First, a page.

Colin McRae: DiRT revolutionised the racing genre.

With some never-before-seen damage modelling it was highly acclaimed, even though it did leave sim fans sitting rather high and dry. So it's with some anticipation that we booted up our Colin McRae: DiRT 2 preview code, especially after having seen some stunning screenshots recently.

DiRT 2 centres around the World Tour mode, which will take the player around the world through a range of different events. DiRT 2 seems to separate itself even more from traditional rally, catering more to a wider off-road market. This is painful for many traditional fans of the game, as Colin McRae titles used to be the pinnacle of rally, and now rally really has just become a small part of a much larger title. The packaging of the career though, along with the menus is done amazingly in a full 3D environment, which looks incredible. The range of game modes as mentioned is vast, with many modes having been in the original DiRT, but the few new ones really stand out.

"Trailblazer", for example, is a high-speed run through a wide open track, minus a co-driver, which is fast and exhilarating - especially since the spills are that much more extreme. Another mode has you racing against others over a track with a range of short cuts allowing you to gain an edge. These modes are fast paced and exciting, and even the Rally Mode (despite shortcomings) has received some excellent additions. The best aspect is that as rallies take place in a tiered starting line-up, by racing well you will be able to overhaul other racers (either that or they will crash out) as they race the course with you, kicking up dust trails, damaging the environment and churning up the track. This adds to the overall realism and immersion of the title.

The second you jump into a race though you will notice the arcade emphasis that this title has. Sure, its no SEGA Rally (thank god), but its also not a rally sim. This has its pros and cons however, as it really is very fun throwing the car into the corners at blistering speed. It's still possible to destroy your car on a hairpin, but the inclusion of Codemasters replay feature allowing a player to restore the car a number of times is certainly going to help you rectify some of your errors. This is a fantastic feature pulled directly from Codemasters GRID, but we certainly won’t be complaining. The game does strike a good balance between hard sim and arcade, but the general trend towards mainstream is going to hit a few rally fans hard.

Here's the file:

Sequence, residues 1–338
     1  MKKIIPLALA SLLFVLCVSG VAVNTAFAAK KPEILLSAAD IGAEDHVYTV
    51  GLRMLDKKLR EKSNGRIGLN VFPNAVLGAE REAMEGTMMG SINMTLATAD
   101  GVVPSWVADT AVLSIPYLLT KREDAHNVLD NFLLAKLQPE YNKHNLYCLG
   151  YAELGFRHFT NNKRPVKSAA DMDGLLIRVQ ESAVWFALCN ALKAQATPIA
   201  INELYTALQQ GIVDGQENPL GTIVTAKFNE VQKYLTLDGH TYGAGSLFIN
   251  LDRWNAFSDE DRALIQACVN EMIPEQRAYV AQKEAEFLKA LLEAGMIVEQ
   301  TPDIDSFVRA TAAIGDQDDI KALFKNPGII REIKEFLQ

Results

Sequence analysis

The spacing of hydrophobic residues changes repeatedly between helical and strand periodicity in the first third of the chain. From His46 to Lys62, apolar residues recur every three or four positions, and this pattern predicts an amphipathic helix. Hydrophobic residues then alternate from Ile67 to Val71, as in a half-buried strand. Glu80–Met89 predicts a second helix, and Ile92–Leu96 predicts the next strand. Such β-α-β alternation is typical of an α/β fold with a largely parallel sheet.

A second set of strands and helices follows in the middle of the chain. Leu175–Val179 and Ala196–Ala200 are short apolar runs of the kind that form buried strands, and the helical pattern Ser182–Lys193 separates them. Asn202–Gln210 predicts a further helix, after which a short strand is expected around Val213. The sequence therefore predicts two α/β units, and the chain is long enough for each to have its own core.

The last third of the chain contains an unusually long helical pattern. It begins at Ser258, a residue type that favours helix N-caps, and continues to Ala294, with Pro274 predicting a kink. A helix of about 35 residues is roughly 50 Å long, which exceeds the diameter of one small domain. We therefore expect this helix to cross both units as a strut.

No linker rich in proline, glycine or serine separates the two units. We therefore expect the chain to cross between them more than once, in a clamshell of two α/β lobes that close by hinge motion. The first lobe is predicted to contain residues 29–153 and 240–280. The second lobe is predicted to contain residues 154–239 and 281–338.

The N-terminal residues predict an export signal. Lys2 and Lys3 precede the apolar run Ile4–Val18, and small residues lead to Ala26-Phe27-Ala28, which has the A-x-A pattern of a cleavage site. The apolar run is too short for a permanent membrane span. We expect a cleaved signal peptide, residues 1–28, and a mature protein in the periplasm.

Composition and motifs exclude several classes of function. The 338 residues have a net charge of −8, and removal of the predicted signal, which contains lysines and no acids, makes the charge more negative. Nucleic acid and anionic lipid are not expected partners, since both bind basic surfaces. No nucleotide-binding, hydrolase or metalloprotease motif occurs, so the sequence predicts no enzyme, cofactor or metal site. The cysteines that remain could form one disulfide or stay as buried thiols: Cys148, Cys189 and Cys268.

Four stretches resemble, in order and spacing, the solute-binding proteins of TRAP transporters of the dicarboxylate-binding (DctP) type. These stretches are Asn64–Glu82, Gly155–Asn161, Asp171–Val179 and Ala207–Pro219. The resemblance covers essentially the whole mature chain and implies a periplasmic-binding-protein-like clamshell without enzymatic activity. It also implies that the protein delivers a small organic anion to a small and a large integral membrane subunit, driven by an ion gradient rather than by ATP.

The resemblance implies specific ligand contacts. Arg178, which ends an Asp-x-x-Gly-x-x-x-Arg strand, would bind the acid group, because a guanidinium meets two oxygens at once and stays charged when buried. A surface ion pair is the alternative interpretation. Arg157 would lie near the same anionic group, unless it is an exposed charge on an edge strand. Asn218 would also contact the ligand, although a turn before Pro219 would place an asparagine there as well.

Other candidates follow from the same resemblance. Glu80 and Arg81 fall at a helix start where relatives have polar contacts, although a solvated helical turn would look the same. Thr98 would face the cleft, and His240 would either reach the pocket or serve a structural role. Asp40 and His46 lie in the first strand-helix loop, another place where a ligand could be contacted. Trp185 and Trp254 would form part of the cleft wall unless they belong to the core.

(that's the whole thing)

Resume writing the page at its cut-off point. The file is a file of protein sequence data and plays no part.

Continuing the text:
Thankfully in many areas Colin McRae: DiRT 2 is a real step up from its predecessor. The graphical overhaul really stands out. The level of gloss and detail is astounding, which shows the advancements that the Codemasters engine has had in the past few years. The physics engine seems a little more fine tuned as well, with the cars seemingly bouncing along a little more realistically. The blades of grass waving in the wind, the dust clouds, and the way your car churns through the dirt, deforming the road as it tears it up. Its certainly a level of detail we’ve never seen before, and though there are a few hideous textures here and there, they are far and few between and we can only hope that in the final version they are no longer present. It's becoming very clear that Codemasters have an incredible knack for packing in a huge amount of awesome into their games.

A shame then is that (at least in our preview code) the damage model has taken a substantial hit. While it is still incredibly detailed, it seems more "arcadey" in its implementation. It seems to take much more for parts to come off the car, particularly for a lost tire. This might appeal to those frustrated by the original DiRT, but for the rest there is still hope that this was just dumbed down slightly for the preview code.

Overall we have a good impression so far; the lack of multiplayer and only a limited number of races for the World Tour in the preview means it's difficult to assess if the game gives a real emphasis to any particular race type. But the graphical overhaul that the game has received alone is a reason for us to stare in awe. The inclusion of a deformable environment and of an upgraded physics and graphics engine though certainly make DiRT 2 a worthy upgrade for fans of the previous titles, or any other Codemasters racer for that matter.

Codemasters are clearly staking out their position for the racing crown, across a range of racing titles, and although we will have to wait for our final review code to know for sure, we can’t say that’s a bad thing at all.